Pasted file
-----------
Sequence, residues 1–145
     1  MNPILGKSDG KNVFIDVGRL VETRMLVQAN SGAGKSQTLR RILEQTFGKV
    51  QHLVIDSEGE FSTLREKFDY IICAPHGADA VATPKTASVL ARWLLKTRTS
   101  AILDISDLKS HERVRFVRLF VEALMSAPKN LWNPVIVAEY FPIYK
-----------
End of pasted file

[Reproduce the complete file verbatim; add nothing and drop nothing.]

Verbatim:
Sequence, residues 1–145
     1  MNPILGKSDG KNVFIDVGRL VETRMLVQAN SGAGKSQTLR RILEQTFGKV
    51  QHLVIDSEGE FSTLREKFDY IICAPHGADA VATPKTASVL ARWLLKTRTS
   101  AILDISDLKS HERVRFVRLF VEALMSAPKN LWNPVIVAEY FPIYK